Essex County Council plan to outlaw A-boards
A BLIND man waves his stick from side to side as he struggles to negotiate the maze of advertising boards next to Chelmsford market.
Phil Lee, a member of the Essex Visibility Impairment Planning Group, helped advise Essex County Council's highways authority which is planning to ban the A-boards from shopping centres across the county.
Married dad-of-three Phil, 55, said: "I have not been here before and people who cannot see build up a route map in their minds.
"The problem is that A-boards are never put in the exact place twice and a woman friend I know fell right over the top of one."
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The county council's scrutiny committee, encouraged by former highways chief Rodney Bass, last week pledged to outlaw A-boards after a host of complaints from individuals, businesses, and disability groups across the county.
But the authority wants to leave it to each local council like Chelmsford City to decide how to deal with their specific problems because of the "diversity" between seaside, rural and urban Essex, so not all A-boards will disappear.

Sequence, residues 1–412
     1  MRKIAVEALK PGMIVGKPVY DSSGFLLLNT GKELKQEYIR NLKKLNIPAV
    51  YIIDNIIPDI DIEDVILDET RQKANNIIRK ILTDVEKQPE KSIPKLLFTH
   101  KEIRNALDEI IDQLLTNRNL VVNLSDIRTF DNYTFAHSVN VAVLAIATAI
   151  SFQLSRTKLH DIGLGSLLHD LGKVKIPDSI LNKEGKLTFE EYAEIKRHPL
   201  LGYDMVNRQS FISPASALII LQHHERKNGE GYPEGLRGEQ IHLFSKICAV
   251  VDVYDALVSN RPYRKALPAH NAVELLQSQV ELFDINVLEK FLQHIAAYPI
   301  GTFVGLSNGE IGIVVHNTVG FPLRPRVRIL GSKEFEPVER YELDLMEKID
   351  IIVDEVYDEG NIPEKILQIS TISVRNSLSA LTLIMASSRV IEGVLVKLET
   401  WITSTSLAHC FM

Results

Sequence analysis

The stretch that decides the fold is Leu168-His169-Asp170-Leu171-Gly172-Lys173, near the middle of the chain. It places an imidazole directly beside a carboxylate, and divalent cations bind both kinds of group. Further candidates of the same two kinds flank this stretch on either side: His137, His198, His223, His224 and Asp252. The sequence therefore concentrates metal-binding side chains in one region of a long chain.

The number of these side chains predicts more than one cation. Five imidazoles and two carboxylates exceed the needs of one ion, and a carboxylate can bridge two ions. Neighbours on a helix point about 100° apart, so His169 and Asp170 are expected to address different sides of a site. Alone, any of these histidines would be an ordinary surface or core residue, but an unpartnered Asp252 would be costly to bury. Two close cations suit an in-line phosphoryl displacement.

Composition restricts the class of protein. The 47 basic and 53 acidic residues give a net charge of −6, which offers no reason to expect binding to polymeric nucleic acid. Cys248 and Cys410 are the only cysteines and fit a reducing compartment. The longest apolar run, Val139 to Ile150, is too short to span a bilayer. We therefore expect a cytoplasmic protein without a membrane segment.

Cllr Mike Mackrory from Springfield said: "I was shocked to see a blind person with a white stick in a state of confusion and fear in Cornhill near the market where there are dozens of the boards randomly placed like an obstacle course."
High Chelmer shopping centre boss Mick McDonagh, who says he is a "bitter enemy" of A-boards, is delighted.
"I allow no A-boards inside my centre but I cannot do anything about the public realm at the moment.
"A-boards are a real problem for many shoppers and people with disabilities, and cause an unattractive clutter.
"I have seen zero tolerance in Ireland and, believe me, it works to everyone's advantage."
He added: "I think Phil has shown why street clutter should be minimised. It is a symptom of bad management of the public realm."
Local authorities will only be able to take action against A-boards place on pavements that they own or maintain.
Parts of Chelmsford High Street, like outside Debenhams, are privately owned by the retailer and will be exempt.
But all of Cornhill is public land and boards could be banned.
The final decision lies with Essex County Council's new head of highways, Cllr Derrick Louis, who promised a decision by July.